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New Act, New Skills
The adjudication provisions in the 1996 Construction Act have been amended by the Construction Act 2009. Others have already written in the Newsletter about the substance of these changes. What do they mean for the skills which adjudicators need to decide the disputes referred to them?
The 2009 Act extends the right to adjudication to all construction contracts, whether oral, part oral/part written or wholly written. It does this by straightforward repeal of Section 107 of the 1996 Act, under which adjudication only applied to ‘agreements in writing’ meeting the provisions of Section 107. The repeal of Section 107 extends the right to adjudication much further than returning to what was thought to be the law before RJT Consulting Engineers, i.e. that the terms material to the disputed issues had to comply with the Act’s requirements for being in writing.
Under the changes, there is no need for any part of the contract to be written. The adjudication provisions of the Scheme for Construction Contracts are implied into the contract unless the parties agree written adjudication provisions complying both with the existing requirements in Section 108 (2) to (4) and with a ‘slip rule’ in a new Section 108 (3A).
Currently disputes arising out of oral contracts will end up in the County Court or even in the TCC. In future there will be the option of referring such disputes to adjudication. If so, it will be an adjudicator making the decisions, not an experienced judge. What are the new challenges which adjudicators will face in dealing with such disputes and will they require new skills?
TAKING THE DISPUTE TO ADJUDICATION
Let us consider first how the parties to an oral contract might conduct their dispute if referred to adjudication. After the notice of adjudication and appointment of the adjudicator, the referral is served, accompanied by a short witness statement from the referring party seeking to establish the existence and terms of the oral contract.
At this point the respondent party may well write to contest jurisdiction. The argument is that there was no proper construction contract and so statutory adjudication does not apply. Nevertheless the respondent, whilst reserving the right to challenge future enforcement proceedings, agrees to participate in the adjudication for the time being.
We can expect such jurisdictional challenges to be even more popular in adjudications involving oral contracts, as respondents seek to retain the right to argue in court that the adjudicator lacked jurisdiction as the (oral) contract never existed. The opportunities for contesting the existence of an oral contract must be greater than for a written contract, if only because oral evidence is easier to challenge than written evidence.
The response is served, with a longer witness statement flatly contradicting the referring party’s evidence, perhaps contending that the alleged contract was at best a quantum meruit agreement.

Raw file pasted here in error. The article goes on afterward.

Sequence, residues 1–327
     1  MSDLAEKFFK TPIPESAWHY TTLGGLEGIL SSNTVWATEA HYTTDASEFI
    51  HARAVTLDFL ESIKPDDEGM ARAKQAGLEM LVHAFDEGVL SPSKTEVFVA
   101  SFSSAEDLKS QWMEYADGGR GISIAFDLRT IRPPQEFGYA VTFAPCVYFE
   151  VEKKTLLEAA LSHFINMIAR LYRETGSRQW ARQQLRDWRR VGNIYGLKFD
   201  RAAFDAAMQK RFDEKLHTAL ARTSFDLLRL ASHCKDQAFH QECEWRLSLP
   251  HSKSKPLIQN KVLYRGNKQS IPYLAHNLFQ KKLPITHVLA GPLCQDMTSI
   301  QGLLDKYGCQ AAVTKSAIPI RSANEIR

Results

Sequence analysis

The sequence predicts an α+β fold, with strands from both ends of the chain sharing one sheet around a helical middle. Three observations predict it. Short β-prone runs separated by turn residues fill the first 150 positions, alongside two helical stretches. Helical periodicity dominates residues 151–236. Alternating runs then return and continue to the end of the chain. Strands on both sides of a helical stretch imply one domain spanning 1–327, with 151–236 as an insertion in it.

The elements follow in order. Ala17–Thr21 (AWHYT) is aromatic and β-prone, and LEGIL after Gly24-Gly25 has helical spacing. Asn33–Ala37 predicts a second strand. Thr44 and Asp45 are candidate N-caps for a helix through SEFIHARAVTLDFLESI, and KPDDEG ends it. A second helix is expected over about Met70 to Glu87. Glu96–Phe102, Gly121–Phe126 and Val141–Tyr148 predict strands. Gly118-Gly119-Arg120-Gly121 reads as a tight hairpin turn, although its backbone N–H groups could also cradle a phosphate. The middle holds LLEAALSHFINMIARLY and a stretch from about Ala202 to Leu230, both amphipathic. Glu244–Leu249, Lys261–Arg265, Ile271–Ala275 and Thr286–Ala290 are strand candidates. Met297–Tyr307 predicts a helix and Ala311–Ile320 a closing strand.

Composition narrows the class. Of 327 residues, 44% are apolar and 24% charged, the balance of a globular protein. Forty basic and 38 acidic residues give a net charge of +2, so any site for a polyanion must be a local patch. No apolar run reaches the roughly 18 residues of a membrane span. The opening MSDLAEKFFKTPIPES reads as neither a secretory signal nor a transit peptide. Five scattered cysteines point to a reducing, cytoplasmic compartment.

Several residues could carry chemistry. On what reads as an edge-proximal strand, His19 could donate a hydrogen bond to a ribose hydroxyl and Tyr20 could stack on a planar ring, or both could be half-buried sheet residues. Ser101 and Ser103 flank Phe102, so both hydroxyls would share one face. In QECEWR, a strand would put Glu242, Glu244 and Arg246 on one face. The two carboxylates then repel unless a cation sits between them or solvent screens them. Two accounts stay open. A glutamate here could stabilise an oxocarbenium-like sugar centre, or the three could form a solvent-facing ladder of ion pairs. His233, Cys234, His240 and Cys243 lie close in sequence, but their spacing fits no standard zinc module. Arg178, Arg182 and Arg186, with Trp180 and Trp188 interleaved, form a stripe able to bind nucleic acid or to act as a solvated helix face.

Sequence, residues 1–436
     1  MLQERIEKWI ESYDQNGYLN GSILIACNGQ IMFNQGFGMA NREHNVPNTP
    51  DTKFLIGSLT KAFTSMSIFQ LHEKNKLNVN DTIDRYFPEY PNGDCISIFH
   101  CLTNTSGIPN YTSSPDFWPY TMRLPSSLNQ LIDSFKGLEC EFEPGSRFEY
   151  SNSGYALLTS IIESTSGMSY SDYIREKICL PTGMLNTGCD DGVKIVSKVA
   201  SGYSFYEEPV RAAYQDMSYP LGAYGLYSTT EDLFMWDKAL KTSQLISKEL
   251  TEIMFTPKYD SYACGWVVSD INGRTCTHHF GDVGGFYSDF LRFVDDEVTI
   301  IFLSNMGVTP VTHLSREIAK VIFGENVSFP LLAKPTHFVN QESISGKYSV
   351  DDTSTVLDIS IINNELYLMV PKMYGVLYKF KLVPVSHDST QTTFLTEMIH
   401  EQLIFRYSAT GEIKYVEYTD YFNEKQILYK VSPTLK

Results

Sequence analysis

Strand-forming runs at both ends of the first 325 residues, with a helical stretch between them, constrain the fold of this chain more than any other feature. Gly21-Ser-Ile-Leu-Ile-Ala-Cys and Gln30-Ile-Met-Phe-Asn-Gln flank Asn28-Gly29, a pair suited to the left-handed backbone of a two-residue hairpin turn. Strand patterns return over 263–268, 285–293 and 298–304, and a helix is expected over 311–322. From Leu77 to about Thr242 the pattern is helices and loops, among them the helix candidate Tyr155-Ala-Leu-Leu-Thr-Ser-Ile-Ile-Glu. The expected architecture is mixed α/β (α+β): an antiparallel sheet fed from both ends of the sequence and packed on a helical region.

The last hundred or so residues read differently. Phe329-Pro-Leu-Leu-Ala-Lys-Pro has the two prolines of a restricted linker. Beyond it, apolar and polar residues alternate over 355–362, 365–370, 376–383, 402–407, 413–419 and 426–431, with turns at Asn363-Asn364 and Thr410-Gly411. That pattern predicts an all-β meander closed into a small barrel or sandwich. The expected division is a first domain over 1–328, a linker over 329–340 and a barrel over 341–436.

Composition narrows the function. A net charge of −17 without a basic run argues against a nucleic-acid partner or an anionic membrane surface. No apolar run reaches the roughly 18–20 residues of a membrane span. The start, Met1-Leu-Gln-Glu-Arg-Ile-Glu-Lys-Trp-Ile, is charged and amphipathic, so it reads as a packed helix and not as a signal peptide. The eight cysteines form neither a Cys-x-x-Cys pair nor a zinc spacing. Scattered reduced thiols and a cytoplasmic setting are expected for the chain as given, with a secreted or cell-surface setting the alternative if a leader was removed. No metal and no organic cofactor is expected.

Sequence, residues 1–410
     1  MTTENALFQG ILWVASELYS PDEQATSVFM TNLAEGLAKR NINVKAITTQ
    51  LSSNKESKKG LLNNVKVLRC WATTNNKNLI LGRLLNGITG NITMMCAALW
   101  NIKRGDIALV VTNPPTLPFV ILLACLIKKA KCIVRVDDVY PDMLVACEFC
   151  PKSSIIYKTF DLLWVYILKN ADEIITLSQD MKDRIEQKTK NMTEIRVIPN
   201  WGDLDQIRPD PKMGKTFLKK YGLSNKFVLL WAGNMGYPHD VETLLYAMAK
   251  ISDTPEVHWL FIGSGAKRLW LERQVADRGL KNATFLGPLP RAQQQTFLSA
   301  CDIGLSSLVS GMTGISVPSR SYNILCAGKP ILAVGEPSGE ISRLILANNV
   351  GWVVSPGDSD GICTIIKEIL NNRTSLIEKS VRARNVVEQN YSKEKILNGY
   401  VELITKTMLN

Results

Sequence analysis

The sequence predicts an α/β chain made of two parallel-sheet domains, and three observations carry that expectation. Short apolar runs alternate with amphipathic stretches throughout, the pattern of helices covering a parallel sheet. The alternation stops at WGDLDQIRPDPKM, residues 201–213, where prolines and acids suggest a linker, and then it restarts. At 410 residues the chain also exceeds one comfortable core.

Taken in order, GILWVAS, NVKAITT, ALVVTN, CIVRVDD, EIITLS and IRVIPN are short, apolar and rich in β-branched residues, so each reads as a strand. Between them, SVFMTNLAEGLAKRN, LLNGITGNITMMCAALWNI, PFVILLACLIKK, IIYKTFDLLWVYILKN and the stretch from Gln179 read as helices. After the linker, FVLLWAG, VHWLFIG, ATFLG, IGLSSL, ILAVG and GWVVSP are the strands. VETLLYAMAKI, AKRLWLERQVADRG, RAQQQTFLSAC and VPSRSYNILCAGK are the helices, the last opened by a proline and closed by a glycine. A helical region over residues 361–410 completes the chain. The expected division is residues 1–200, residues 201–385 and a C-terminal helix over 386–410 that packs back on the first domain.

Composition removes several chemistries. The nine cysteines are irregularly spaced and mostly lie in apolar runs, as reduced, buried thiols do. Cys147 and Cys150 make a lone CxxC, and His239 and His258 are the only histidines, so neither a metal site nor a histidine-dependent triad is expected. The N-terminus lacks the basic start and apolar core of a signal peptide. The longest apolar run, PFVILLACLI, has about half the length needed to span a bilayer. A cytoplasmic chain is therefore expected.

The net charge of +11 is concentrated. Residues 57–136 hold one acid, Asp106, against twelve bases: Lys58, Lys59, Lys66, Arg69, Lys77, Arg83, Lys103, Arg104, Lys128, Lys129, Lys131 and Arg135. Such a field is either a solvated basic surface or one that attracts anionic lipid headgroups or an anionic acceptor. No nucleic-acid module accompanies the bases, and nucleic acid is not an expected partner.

The referring party insists on the right to submit a reply, on the grounds that to refuse this will be a breach of the rules of natural justice. The reply is submitted, with a second witness statement amplifying the previous statement and a third witness statement from a new witness.
It is now the respondent’s turn to ask permission to respond to new evidence, which is agreed.
Both representatives write to ask for a hearing, as they wish to have the opportunity to cross-examine the other party’s witness.
What are the tasks which the adjudicator faces?
To start with, there is the question of the formation of the oral contract. The essential elements of an oral contract are no different from those of a simple written contract, but the evidence of contract formation and of the terms, being oral, are more likely to be challenged. The parties to oral and part oral contracts may lack cogent evidence of the contract itself, relying instead on subsequent statements and/or conduct as evidence of a contract. The adjudicator must distinguish between disregarding such evidence as corroboration of the formation of the contract and its terms and allowing evidence of conduct which is in itself evidence of acceptance or is consistent with the party in question having previously accepted the other party’s offer.
The task for the adjudicator is to weigh the evidence – not only to decide its relevance but also its accuracy. Oral evidence is likely to be less accurate than evidence in a document as it is not contemporaneous – it is a memory, given after the event, sometimes years after, and, most importantly, after the dispute has arisen. Inevitably memories are likely to develop to be consistent with the result which the witness hopes for, even if only in the selection of facts favourable to the case being advanced.
Documentary evidence on the other hand is usually created much closer in time to the facts recorded – and if there is a gap, it becomes less probative. Most documents are addressed or copied to others, making later forgery highly unusual. The contents of the document are rarely disputed as generally both sides have at some point had their own copies, although of course their significance is often hotly contested.
Where the contract is in writing, the overwhelming majority of the evidence required to make out a referring party’s case will normally be in the documents (and, if it is not, that can undermine the case being made). But if the contract is wholly or substantially oral, it is likely that few documents recording significant events will have been produced, e.g. variation instructions, site meeting minutes and payment and other certificates. In these circumstances, oral evidence will form the bulk of the evidence on which the adjudicator’s findings will be based.
With oral evidence the standard of proof remains the balance of probabilities, i.e. more probable that it did happen than it did not. When weighing oral evidence, adjudicators should remember that this is not always the same as finding party A’s evidence better than party B’s. Party A’s evidence may be better, but the fact in issue may remain improbable. This applies particularly where oral evidence is contested – the ‘quality’ of the evidence may depend on the demeanour of the witness, and that may not be the same as truthfulness.